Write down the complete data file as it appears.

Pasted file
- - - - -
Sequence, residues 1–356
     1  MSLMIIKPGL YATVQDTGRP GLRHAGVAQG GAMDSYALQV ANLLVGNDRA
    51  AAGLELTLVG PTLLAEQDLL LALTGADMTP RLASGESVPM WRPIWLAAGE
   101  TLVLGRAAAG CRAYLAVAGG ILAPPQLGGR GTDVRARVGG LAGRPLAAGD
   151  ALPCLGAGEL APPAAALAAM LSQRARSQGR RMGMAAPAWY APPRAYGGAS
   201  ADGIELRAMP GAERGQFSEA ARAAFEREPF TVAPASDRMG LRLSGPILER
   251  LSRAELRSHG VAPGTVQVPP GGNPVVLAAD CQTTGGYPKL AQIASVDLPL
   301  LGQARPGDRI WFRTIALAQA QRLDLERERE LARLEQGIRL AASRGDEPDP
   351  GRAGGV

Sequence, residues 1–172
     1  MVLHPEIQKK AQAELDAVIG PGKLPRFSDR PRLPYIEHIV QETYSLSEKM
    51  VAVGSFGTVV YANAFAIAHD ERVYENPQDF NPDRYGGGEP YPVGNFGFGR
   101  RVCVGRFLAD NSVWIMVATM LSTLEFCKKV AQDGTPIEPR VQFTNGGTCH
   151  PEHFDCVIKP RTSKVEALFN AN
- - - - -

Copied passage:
Sequence, residues 1–356
     1  MSLMIIKPGL YATVQDTGRP GLRHAGVAQG GAMDSYALQV ANLLVGNDRA
    51  AAGLELTLVG PTLLAEQDLL LALTGADMTP RLASGESVPM WRPIWLAAGE
   101  TLVLGRAAAG CRAYLAVAGG ILAPPQLGGR GTDVRARVGG LAGRPLAAGD
   151  ALPCLGAGEL APPAAALAAM LSQRARSQGR RMGMAAPAWY APPRAYGGAS
   201  ADGIELRAMP GAERGQFSEA ARAAFEREPF TVAPASDRMG LRLSGPILER
   251  LSRAELRSHG VAPGTVQVPP GGNPVVLAAD CQTTGGYPKL AQIASVDLPL
   301  LGQARPGDRI WFRTIALAQA QRLDLERERE LARLEQGIRL AASRGDEPDP
   351  GRAGGV

Sequence, residues 1–172
     1  MVLHPEIQKK AQAELDAVIG PGKLPRFSDR PRLPYIEHIV QETYSLSEKM
    51  VAVGSFGTVV YANAFAIAHD ERVYENPQDF NPDRYGGGEP YPVGNFGFGR
   101  RVCVGRFLAD NSVWIMVATM LSTLEFCKKV AQDGTPIEPR VQFTNGGTCH
   151  PEHFDCVIKP RTSKVEALFN AN